As Staff Shortages Bite, MOH Imposes Moratorium On New Clinical Research Centres

MOH imposes a moratorium on new clinical research centres (CRCs), due to constraints in financial and HR resources for CRCs competing with clinical services. The Galen Centre says this may reduce Malaysia’s FDI from new clinical trials by pharma companies.

KUALA LUMPUR, March 27 — The Ministry of Health (MOH) has imposed a moratorium on the setting up of new clinical research centres (CRCs) under the Institute for Clinical Research (ICR).

Health deputy director-general (research and technical support) Dr Nor Fariza Ngah said there are currently 37 CRCs nationwide under the ICR – the clinical research arm of the MOH – and that the operation of CRCs requires “financial and human resources that compete with the operation of existing clinical services”.

“In line with that, a moratorium on the formation of CRCs throughout Malaysia is an appropriate measure to face such constraints,” Dr Nor Fariza said in a circular dated last March 21, as sighted by CodeBlue.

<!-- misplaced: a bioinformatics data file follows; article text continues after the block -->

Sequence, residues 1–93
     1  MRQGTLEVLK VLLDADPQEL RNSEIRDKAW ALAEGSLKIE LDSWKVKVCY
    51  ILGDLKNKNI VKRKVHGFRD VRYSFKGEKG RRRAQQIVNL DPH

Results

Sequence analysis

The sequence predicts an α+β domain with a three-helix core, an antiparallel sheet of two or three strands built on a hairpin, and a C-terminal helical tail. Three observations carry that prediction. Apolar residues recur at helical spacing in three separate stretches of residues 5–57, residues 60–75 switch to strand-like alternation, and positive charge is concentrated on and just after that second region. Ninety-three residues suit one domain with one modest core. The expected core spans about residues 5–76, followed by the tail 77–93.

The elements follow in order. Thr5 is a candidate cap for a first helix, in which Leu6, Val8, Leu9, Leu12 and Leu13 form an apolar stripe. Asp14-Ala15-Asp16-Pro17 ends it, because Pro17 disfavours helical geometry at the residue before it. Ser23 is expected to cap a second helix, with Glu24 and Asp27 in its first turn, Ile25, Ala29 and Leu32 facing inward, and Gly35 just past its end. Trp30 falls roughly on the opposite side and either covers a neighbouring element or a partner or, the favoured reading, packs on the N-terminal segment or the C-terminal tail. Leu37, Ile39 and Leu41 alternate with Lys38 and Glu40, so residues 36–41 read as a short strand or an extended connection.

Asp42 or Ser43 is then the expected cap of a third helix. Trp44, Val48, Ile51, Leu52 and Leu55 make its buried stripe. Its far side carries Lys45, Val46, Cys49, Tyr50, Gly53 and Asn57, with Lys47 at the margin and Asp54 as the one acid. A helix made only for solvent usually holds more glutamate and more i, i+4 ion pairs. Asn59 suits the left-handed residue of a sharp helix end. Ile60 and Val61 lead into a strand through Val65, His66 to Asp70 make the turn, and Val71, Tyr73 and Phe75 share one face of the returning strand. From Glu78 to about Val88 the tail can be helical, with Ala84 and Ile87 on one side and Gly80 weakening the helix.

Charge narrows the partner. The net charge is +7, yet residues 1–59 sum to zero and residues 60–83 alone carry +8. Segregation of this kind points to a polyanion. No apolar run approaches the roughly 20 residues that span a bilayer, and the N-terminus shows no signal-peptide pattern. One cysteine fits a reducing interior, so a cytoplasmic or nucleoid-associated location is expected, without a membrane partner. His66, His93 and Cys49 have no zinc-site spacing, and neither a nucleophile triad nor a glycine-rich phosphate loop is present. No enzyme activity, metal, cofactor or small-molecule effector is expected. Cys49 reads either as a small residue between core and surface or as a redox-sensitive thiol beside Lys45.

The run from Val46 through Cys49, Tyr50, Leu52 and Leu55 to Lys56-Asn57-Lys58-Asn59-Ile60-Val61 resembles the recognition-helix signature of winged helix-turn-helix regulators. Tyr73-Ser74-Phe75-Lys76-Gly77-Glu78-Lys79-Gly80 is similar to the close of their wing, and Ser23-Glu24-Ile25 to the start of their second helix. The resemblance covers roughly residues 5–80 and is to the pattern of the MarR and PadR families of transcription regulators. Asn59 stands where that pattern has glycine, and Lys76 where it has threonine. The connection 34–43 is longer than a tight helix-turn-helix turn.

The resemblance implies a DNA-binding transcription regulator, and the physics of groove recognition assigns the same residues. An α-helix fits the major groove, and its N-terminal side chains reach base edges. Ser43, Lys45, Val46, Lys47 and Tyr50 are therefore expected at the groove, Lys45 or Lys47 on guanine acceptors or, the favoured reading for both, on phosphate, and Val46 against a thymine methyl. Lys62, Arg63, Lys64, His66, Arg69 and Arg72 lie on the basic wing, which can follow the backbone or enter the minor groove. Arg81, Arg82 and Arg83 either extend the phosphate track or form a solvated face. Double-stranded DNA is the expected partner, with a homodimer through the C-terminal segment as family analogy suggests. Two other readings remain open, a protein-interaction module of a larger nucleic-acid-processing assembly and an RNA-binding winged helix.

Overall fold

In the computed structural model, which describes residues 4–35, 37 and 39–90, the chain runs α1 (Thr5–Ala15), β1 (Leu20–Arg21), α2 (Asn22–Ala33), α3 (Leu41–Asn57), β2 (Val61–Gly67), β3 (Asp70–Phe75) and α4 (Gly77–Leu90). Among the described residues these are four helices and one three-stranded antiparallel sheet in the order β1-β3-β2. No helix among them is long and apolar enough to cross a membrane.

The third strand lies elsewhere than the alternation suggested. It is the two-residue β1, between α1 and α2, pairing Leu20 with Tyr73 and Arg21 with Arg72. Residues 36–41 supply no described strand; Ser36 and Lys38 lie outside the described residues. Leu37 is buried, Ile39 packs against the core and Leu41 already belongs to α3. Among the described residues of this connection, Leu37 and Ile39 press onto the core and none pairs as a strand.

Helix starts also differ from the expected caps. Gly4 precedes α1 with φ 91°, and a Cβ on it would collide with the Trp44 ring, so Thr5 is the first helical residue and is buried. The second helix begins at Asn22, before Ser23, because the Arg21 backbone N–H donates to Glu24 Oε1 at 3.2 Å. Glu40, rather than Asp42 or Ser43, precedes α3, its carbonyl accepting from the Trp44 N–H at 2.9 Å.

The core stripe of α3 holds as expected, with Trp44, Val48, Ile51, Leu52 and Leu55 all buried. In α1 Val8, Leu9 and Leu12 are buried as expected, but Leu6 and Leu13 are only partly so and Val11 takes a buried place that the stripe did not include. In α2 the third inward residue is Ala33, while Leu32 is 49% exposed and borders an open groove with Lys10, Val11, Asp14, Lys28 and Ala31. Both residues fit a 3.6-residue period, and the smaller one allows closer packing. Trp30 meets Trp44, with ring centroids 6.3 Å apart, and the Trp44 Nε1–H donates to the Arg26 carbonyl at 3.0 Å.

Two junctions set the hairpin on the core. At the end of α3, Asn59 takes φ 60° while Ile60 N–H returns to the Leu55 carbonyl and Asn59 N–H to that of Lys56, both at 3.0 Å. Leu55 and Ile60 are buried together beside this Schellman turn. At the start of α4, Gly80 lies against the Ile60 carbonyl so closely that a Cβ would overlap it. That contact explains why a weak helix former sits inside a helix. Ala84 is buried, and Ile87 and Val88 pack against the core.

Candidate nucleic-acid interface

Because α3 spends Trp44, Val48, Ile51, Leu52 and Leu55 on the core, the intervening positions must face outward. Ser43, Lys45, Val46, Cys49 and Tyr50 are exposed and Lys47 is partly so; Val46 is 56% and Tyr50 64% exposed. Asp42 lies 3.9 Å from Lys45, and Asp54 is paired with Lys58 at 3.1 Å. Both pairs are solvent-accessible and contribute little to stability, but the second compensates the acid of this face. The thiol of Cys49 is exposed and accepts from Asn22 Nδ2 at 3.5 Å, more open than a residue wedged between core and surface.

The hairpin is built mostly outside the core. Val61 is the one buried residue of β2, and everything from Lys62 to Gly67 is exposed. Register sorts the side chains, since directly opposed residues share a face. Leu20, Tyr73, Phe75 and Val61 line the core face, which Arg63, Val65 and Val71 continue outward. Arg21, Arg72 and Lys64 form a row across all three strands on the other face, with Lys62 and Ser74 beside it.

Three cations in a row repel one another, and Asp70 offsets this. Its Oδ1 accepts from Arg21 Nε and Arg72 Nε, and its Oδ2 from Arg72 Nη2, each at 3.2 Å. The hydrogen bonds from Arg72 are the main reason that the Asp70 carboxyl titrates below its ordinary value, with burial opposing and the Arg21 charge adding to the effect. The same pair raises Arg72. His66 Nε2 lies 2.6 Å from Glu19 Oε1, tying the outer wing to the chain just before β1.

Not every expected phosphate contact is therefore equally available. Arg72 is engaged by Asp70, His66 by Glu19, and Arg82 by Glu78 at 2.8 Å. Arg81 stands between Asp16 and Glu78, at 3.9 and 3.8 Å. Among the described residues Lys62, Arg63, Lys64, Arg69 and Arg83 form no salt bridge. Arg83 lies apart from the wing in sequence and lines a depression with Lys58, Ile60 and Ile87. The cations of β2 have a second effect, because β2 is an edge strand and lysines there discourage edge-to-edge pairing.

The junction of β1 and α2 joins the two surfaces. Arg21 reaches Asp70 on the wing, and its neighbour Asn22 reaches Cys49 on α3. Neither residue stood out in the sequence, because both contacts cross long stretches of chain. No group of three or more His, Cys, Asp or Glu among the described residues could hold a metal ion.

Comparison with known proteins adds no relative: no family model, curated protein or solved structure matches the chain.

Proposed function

“Therefore, no new CRCs will be set up until a point in time when financial and human resource constraints can be managed. However, the operation of existing CRCs will continue to be supported and run as usual.”

The current CRCs under the ICR – which is one of the institutes under the National Institutes of Health (NIH) – are based in MOH hospitals throughout each state in the country in the central, north, south, and east zones, as well as in Sabah and Sarawak.

This moratorium on new CRCs is the MOH’s latest move to deal with a severe shortage of health care professionals in the public health service, including doctors across levels and nurses.